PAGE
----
The Dwarf Gourami is a small tropical fish that is known for its shyness and small size. It shares many of the behavioral traits of the Glass Catfish. That said, these two types of fish would make for good tank mates because they pose no threat to each other and will most likely ignore each other for the duration of their stay in the aquarium. Dwarf Gouramis, like Tetras, also provide a great contrast of color to the striking transparent and silvery body of the Glass Catfish.
Avoid pairing the Glass Catfish with aggressive and large freshwater fish like Cichlids, Oscars, Arowanas, and Barbs. Doing so will only result in several clashes between stressed-out Ghost Catfish and highly territorial tank mates.
Breeding Glass Catfish: Is It Possible?
The Glass Catfish usually breeds during the monsoon season in Thailand and other parts of Southeast Asia. However, the exact conditions to encourage these fish to breed in captivity have not been successfully identified. Some aquarists believe that the Glass Catfish need lower or colder temperatures and a separate breeding tank to be properly encouraged to breed.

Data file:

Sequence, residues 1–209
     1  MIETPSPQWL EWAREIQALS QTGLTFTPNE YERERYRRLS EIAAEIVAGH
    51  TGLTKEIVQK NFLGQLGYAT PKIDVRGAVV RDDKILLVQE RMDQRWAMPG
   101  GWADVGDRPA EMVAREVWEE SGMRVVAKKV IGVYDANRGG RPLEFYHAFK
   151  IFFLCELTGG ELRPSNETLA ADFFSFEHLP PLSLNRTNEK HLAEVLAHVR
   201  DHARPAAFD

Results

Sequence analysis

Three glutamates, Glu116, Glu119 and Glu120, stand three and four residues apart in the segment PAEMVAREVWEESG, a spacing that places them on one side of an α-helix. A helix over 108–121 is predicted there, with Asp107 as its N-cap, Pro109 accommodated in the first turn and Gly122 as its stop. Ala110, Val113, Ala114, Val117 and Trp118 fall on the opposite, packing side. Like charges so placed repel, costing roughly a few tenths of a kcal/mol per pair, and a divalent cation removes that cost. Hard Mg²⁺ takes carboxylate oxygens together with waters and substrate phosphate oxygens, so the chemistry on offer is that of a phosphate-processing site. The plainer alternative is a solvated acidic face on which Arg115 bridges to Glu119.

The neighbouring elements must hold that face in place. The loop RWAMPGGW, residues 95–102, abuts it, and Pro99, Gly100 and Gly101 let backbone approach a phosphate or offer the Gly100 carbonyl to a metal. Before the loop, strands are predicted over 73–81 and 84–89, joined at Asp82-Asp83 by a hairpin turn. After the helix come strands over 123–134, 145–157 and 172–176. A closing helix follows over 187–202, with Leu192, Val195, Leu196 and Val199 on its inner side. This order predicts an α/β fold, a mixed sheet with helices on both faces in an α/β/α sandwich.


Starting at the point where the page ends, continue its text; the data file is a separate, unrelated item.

In theory, this is how you might be able to breed Glass Catfish in a home aquarium setup:
- First, choose healthy breeding pairs of Glass Catfish to isolate from the main tank. Note that females are slightly rounder and larger than their male counterparts.
- Provide these pairs with a separate breeding tank that is heavily planted and has a soft substrate.
- Lower the water temperature to about 73 degrees Fahrenheit.
- Leave the breeding tank inhabitants in a dimly lit and cool room.
- Feed the breeding pairs with a protein-rich diet to prepare their bodies for mating.
- Wait for the female Glass Catfish to release her eggs on the leaves of plants. The male should then fertilize these eggs.